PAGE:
With peace message, Dr Gilsu calls himself ‘modern Hyecho’

  • Lok Virsa, Korean Embassy organise a seminar on a Buddhist monk

ISLAMABAD: The Research Department of the National Institute of Folk and Traditional Heritage (Lok Virsa) in collaboration with the Korean Embassy has organised a seminar on the modern Hyecho in Pakistan.

Professor Dr So Gilsu, a South Korean scholar who heads the Pure Land Buddhist Institute (PLBI), was the guest speaker on the occasion. Currently, Dr So Gilsu is in Pakistan to visit ancient archaeological sites in a bid to trace the footsteps of Hyecho, the Korean monk who had visited areas in modern-day Pakistan and India during the Gandhara civilization.

Later, Hyecho wrote about his visit in his ‘Memoir of the Pilgrimage to the Five Kingdoms of Tentouk (Sindhu)’. Tracing the ancient link between Gandhara and Korea, Dr Gilsu said that the first Buddhist missionary from Gandhara who traveled to Korea was Malananda in the fourth century.

In his presentation, Dr Gilsu highlighted the historical and cultural linkages between the Pakistani and Korean people spanning over several centuries. “It took me a month to travel by road from China to Islamabad. But 1,300 years ago, it had taken Hyecho an entire year to travel from Gandhara to China where he lived and died,” Dr Gilsu said.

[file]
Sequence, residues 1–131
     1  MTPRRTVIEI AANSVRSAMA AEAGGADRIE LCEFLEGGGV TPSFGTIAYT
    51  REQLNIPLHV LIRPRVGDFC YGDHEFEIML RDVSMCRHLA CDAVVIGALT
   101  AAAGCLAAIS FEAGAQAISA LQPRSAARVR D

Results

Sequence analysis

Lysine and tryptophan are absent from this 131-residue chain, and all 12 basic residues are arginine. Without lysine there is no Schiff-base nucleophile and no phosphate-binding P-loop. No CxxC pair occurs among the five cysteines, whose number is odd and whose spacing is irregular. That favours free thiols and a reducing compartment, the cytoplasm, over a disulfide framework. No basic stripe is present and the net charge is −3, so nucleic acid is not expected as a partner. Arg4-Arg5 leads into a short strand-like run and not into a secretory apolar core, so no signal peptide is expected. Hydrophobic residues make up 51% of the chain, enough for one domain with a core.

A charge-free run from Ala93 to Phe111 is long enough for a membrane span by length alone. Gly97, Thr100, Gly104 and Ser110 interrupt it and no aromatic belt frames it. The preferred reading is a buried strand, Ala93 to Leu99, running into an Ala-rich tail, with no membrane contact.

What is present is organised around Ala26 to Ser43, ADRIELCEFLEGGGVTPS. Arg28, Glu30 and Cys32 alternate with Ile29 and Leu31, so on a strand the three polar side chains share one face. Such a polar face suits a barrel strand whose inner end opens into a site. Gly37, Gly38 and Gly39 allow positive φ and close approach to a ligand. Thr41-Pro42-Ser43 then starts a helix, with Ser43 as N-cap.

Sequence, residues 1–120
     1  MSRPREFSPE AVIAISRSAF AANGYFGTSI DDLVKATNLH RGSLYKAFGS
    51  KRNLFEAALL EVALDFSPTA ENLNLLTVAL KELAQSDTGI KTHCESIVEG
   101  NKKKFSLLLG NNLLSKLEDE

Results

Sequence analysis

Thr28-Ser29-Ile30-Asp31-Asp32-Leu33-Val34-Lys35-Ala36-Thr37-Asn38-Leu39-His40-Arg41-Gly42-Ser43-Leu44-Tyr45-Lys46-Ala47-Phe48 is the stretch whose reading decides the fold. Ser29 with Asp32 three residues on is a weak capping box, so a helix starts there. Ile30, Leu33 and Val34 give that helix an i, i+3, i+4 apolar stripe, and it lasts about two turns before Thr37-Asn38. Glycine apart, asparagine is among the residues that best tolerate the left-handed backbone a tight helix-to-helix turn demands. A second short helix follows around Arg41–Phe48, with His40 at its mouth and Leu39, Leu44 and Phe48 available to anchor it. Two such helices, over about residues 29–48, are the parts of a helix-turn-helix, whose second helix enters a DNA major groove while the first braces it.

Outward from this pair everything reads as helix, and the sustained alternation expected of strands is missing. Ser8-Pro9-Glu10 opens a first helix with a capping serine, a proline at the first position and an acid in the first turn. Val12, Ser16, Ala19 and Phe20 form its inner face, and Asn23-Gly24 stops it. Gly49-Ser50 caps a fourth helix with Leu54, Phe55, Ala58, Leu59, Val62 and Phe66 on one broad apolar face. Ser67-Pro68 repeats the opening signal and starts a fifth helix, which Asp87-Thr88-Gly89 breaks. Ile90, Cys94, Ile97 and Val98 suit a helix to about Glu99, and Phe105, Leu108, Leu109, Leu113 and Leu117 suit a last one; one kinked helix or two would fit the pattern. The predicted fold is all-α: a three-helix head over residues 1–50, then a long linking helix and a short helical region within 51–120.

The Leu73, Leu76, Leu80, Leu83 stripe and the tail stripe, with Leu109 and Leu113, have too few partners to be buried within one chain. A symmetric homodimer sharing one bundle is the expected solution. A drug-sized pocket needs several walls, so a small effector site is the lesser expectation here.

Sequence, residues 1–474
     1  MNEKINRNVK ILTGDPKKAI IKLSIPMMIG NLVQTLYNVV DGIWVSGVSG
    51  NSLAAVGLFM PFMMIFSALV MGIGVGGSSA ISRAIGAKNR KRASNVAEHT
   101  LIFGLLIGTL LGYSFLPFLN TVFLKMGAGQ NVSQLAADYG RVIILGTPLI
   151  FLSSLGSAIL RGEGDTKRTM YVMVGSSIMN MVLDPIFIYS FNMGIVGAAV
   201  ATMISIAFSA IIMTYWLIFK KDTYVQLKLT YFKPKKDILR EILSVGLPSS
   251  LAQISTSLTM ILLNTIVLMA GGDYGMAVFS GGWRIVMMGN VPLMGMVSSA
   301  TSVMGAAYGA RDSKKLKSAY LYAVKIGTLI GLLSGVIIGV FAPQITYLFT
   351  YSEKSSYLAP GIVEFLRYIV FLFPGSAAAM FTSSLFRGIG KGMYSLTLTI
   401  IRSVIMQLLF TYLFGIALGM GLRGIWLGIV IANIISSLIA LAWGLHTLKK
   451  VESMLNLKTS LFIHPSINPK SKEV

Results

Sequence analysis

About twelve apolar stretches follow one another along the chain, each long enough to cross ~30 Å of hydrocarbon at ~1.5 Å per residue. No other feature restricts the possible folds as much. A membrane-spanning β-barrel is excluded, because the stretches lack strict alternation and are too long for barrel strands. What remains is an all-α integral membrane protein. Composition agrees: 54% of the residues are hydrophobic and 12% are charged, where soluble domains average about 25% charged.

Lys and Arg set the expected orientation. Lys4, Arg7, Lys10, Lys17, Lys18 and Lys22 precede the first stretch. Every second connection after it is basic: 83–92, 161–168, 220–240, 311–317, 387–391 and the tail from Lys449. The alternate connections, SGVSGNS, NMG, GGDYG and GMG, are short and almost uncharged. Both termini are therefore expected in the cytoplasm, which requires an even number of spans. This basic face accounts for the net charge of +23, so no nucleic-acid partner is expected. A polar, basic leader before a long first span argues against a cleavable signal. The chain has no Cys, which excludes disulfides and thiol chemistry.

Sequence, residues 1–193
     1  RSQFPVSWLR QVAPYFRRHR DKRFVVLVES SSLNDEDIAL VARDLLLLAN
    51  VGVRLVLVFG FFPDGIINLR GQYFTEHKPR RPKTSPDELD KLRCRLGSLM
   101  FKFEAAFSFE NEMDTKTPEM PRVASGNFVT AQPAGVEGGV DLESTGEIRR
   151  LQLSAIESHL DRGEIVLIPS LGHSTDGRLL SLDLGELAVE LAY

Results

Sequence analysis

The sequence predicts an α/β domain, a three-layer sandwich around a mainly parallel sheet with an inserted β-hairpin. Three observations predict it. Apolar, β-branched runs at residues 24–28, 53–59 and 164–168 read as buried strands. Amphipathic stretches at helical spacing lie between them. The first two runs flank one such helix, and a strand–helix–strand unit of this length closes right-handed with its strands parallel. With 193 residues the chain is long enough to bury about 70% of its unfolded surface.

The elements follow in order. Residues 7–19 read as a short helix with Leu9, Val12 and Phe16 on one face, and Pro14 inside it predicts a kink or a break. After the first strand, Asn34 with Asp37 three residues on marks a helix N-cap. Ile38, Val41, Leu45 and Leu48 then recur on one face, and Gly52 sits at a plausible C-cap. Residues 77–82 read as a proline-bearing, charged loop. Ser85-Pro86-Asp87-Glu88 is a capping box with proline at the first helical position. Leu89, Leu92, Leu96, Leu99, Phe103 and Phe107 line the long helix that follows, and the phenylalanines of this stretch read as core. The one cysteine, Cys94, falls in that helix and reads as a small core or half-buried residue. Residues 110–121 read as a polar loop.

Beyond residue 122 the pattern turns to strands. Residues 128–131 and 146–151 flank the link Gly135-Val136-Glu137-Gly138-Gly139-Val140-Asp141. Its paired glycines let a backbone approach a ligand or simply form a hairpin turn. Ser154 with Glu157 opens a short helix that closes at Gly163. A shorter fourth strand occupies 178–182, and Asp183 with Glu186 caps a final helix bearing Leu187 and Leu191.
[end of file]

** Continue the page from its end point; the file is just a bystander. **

“You can call me the modern Hyecho and I come with the message of peace and harmony in the whole of Indu,” he said. Hyecho visited West Tentouk, which is the Sindh province today. There is also a mention of Kashmir, Skardu, Gilgit, Swat, Chitral and Gandhara in Hyecho’s book.

Dr Gilsu elaborated that there were five kingdoms of Tentouk: north, west, central, south, and east. He said that North and West Tentouk were mainly the areas which comprise Pakistan today, while central and south Tentouk lie in modern-day India and East Tentouk is Bangladesh.

He said that ‘Indus’ and ‘India’ were the names given by Europeans while the root for both these names was Indu or the Indu River. The event was attended by students, researchers and scholars of various educational institutions. He discussed the Korean perspective on the Gandhara civilization.